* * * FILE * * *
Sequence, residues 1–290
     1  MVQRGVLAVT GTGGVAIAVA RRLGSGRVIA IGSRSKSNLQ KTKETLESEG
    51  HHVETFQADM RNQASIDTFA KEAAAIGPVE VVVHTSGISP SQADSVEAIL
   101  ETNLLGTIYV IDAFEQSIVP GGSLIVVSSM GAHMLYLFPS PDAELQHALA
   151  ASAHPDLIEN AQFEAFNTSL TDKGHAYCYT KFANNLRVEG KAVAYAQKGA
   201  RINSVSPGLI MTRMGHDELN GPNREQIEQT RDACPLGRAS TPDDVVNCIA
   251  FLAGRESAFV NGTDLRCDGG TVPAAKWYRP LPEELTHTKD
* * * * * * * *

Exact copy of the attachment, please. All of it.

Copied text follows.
Sequence, residues 1–290
     1  MVQRGVLAVT GTGGVAIAVA RRLGSGRVIA IGSRSKSNLQ KTKETLESEG
    51  HHVETFQADM RNQASIDTFA KEAAAIGPVE VVVHTSGISP SQADSVEAIL
   101  ETNLLGTIYV IDAFEQSIVP GGSLIVVSSM GAHMLYLFPS PDAELQHALA
   151  ASAHPDLIEN AQFEAFNTSL TDKGHAYCYT KFANNLRVEG KAVAYAQKGA
   201  RINSVSPGLI MTRMGHDELN GPNREQIEQT RDACPLGRAS TPDDVVNCIA
   251  FLAGRESAFV NGTDLRCDGG TVPAAKWYRP LPEELTHTKD